Polio alert

PUBLISHED : Monday, 05 September, 2005, 12:00am
UPDATED : Monday, 05 September, 2005, 12:00am

Not many people remember the polio outbreaks of the 1950s, but those who do won't forget how much the disease, which crippled children and ended the lives of many young adults, was feared.

Some who were around then say the terror of infection experienced in Hong Kong during the Sars outbreak was similar.

Once the polio vaccine was found, that fear evaporated. So non-threatening did polio become that we stopped thinking about why the vaccine was given. And then people began seeing the vaccine itself as a threat.

That attitude wasn't common. Other childhood vaccines, particularly the measles/mumps/rubella vaccine, were the ones seen as a threat.

But in Nigeria, the polio vaccine came under attack from religious leaders who regarded the mass polio vaccination campaigns funded or carried out by western non-government organisations as an attempt at mass sterilisation.

Enough people believed this to make child polio immunisation fail in parts of Nigeria and polio broke out in the northern part of the country. By March last year, Nigeria recorded its highest rate of wild polio virus, with 85 confirmed cases.

Isn't Hong Kong safe from what happens in Nigeria? Not any more. Indonesia is now experiencing its worst outbreak, thanks to the virus imported from Sudan - a country near Nigeria.

On March 13, a 20-month-old boy in Sukabumi district, West Java, was diagnosed as paralysed by polio. Tests of the virus found it was likely to have been brought into Indonesia from Sudan.

In the five months since that first case was diagnosed, 225 children have been paralysed by polio in Indonesia, initially in two provinces on Java island, but more recently in Sumatra and central Java.

What's important to know is that most cases of infection show few, if any, symptoms. Most people have little more than a mild cold or flu for a few days.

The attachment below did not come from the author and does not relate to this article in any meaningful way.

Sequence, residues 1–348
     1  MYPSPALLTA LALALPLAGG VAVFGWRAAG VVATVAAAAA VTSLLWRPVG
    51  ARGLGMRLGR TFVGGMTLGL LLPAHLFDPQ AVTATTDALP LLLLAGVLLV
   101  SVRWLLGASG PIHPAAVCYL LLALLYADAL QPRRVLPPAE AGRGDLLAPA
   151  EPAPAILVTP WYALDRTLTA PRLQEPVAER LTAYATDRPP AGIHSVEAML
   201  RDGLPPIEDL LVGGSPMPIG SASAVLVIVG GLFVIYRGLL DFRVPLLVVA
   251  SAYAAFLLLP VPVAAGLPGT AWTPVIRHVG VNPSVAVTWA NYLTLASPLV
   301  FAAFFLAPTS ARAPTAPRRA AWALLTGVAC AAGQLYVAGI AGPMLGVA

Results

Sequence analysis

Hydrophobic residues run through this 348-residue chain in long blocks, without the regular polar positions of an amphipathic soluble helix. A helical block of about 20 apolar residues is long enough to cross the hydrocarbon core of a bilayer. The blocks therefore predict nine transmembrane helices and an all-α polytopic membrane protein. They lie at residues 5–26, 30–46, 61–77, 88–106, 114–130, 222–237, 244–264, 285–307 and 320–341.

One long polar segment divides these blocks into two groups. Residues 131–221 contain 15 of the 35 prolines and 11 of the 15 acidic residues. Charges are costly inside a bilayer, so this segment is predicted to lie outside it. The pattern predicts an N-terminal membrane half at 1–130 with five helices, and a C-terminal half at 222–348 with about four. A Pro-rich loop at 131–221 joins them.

As the virus is most likely to infect children under five (who are prone to runny noses or mild viruses or infections), polio is hard to detect. Of those who do get sick, the most devastating form of the disease is paralysis.

When one case of paralysis occurs, infectious diseases experts estimate there are another 100 cases of undetected infection.

This means that there are thousands of cases in Indonesia right now. Because of these high numbers and the fact the disease is spreading from province to province, the World Health Organisation is now worried.

The exact words they used were 'concern is high' that it will 'spread across Asia including countries such as the Philippines, Malaysia and China'.

So are we going to see polio back in Hong Kong? I wouldn't expect to see a huge outbreak. Our public health systems are strong and most parents are very committed to having their children immunised against polio.

But not all of us have life-long immunity, and the number of people coming and going in Hong Kong makes it difficult to track and protect those at risk.

Lastly, this outbreak teaches us that we can never relax when it comes to infectious diseases.

Immunisation was and still is one of our greatest weapons against disease but is only effective if everybody at risk is immunised. The microbes that need to live in human systems are constantly on the lookout for new homes, so if a group choose not to protect themselves from a virus, it will target those people.

The anti-vaccination movement grew up in an era when we were at relative peace with the microbe world. Sadly, they've declared war on us again and we need to shield our bodies, particularly those of children.